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OPINION | Why Newcastle Knights Should Stick With Sione

Every now and then you will hear the name of a player coming through the lower grades and rep teams and you’ll be told ‘this kid will be a star one day’.

For Newcastle Knights fans, they were hearing the name Sione Mata’utia when he was only 14 or 15 years of age.

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With his three older brothers already going through the Knights’ system, Sione was earmarked as the best of the brothers as he went through the progression of rep sides to the National Youth Competition and then eventually to making his NRL debut in Round 20 of season 2014 against the Roosters.

Once he made his debut Sione hit the ground running playing the rest of the season in the NRL scoring seven tries from his seven matches he drew praise from then coach Wayne Bennett who said Sione would be a great leader for not just Newcastle but for Australia for a very long time.

Sione wouldn’t have to wait long to represent Australia as he was selected in the end of season 4 Nations squad as he became the youngest player to ever represent Australia at the age of 18 years and 129 days.

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After achieving so much so quickly most fans expected Sione would just continue on his way to the top of the tree, but in the three years that have passed, Sione’s career has somewhat plateaued and failed to reach the heights most fans thought he would have by now.

Playing in a side that has come dead last in those three seasons hasn’t helped, plus learning a new position after being moved to the back row and then moved back to the centres again, along with his concussion issues can be attributed to why Sione has struggled to become the player the fans expected him to.

Sione is the most polarising player amongst Knights fans’ discussions with a large portion believing the club shouldn’t re-sign him with his contract in it’s final year.

As mentioned, Sione has struggled with his move back to the centres this year especially in defence but one must remember that he spent the last 18 months evolving into a very good edge back rower only to be moved again.

The 21-year old spent last season playing on the left edge and looking at the season Lachlan Fitzgibbon is having there, running off Kayln Ponga, who knows how well Sione would be playing if he were still playing there?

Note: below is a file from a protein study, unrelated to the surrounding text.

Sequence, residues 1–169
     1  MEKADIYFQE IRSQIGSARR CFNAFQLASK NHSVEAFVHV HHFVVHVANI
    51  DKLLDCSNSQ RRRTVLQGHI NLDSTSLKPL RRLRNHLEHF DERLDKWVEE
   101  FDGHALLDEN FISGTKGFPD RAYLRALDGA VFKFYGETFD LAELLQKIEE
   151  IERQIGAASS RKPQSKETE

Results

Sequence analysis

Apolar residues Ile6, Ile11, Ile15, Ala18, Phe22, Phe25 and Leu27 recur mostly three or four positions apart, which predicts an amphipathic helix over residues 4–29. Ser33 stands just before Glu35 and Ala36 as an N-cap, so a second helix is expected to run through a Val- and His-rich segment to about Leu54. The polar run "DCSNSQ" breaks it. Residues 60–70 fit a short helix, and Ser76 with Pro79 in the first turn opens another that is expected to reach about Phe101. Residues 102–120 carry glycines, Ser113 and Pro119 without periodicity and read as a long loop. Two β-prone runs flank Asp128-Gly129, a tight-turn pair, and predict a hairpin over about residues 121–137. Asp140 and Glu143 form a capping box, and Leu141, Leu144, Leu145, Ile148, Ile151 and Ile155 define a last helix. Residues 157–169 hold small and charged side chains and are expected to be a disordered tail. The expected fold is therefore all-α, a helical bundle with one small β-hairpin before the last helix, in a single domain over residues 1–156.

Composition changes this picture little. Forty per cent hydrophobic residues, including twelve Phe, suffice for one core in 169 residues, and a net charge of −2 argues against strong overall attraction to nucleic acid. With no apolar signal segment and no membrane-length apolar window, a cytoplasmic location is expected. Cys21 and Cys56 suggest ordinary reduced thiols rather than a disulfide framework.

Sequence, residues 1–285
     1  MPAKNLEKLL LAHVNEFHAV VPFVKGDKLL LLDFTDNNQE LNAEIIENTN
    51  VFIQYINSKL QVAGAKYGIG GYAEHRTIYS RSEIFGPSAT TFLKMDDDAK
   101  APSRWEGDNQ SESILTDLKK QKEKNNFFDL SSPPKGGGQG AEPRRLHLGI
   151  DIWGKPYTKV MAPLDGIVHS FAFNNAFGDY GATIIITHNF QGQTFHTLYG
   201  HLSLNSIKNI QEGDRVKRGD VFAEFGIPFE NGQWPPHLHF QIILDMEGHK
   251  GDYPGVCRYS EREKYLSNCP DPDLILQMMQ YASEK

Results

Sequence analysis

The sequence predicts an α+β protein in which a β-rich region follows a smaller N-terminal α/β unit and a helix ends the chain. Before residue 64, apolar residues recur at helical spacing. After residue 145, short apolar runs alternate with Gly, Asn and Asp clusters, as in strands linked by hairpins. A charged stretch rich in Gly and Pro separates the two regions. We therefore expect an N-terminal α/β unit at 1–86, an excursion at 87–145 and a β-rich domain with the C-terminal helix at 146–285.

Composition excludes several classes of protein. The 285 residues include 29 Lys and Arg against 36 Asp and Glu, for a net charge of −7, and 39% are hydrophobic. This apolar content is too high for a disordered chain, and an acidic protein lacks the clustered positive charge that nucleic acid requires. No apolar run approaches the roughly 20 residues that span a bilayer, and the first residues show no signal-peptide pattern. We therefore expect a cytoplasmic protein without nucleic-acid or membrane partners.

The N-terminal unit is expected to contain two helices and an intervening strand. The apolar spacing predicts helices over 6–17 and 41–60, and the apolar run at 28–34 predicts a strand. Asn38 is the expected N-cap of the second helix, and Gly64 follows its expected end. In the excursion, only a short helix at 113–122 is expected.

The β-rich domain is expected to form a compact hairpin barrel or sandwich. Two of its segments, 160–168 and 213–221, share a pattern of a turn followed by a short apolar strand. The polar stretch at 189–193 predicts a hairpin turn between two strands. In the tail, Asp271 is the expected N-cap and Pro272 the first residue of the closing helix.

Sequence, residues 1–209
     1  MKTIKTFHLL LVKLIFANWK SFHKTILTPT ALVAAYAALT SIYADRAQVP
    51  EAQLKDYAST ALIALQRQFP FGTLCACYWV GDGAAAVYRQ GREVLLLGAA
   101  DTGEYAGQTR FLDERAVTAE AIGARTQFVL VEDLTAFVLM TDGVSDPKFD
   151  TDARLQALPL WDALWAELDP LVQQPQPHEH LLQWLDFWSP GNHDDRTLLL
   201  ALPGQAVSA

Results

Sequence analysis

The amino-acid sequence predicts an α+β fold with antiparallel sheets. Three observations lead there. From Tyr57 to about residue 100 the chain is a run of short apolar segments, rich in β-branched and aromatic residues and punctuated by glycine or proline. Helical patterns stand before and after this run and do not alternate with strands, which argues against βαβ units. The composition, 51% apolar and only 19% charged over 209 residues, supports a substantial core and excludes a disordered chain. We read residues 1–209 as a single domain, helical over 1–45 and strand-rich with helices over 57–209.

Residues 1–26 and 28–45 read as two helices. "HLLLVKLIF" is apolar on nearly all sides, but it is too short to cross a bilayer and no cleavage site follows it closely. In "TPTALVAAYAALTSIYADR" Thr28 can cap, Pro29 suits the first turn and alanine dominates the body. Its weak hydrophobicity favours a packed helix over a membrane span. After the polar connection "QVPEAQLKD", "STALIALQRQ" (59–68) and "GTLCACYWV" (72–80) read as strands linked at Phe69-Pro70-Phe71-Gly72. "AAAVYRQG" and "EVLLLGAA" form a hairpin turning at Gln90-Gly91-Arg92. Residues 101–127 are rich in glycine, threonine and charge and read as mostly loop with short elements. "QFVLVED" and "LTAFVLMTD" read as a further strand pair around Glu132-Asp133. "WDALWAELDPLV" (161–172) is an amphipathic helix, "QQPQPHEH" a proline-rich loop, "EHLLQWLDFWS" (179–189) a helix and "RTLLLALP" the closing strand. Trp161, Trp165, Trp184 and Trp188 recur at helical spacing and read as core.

In my opinion Sione’s future is still in the forwards despite playing his entire junior career in the back line.

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It’s clear to see the attributes that make him a good player are those that suit him playing in the forwards, whilst his weaknesses are exposed by him playing out wide.

Sione’s strengths are based around his power and mobility and although these strengths served him well playing in the centres as a junior he hasn’t been able to replicate those strengths as a centre in NRL due to the heavily structured play.

Although junior sides have structure it’s nothing compared to the NRL so for many players who excel in junior football due to their power and mobility like Sione they struggle to find the same success in a structured game plan.

In my opinion the key to un-locking Sione’s success is to give him as much freedom as possible on the field so he can get his hands on the ball more often without having to worry about fitting into the structured play.

With the way the game is evolving, I can see Sione having success as a roaming lock forward and although the lock has virtually become another front rower in today’s’ game, with many experts- including Matthew Johns- believing that the lock position will evolve once again into a more roaming and mobile role as it once was.

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Phil Gould said recently on his podcast if he were coaching he’d still play his lock in that fashion.

With the NRL wanting to speed the game up more and the impending reduction of interchanges, rotating three big men through the middle won’t work, so as coaches try and reduce their interchanges and have more mobile defenders on the field a smaller mobile lock makes sense.

This change in the game will suit Sione and he will enjoy the on field freedom of being able to roam the field and simply ‘get the ball and run’.

The way Newcastle like to attack now with Mitchell Pearce and Ponga taking the ball to the line with multiple runners will also benefit from having a more mobile No.13 who can help ‘double up’ on both sides of the field.

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With the addition of Sharks’ centre Jesse Ramien and the return of the injured Tautau Moga, Knights coach Nathan Brown will likely move Sione back into the forwards next season, but with Aiden Guerra and Fitzgibbon excelling in the back row, Sione may find himself in the lock position as Brown has made it clear Mata’utia is part of the club’s future.

For the fans who are critical of Sione they must also remember he is still only 21 years of age so he is still growing and learning as a player and for a player with so much talent coming through the ranks it would be foolish to let him go now.

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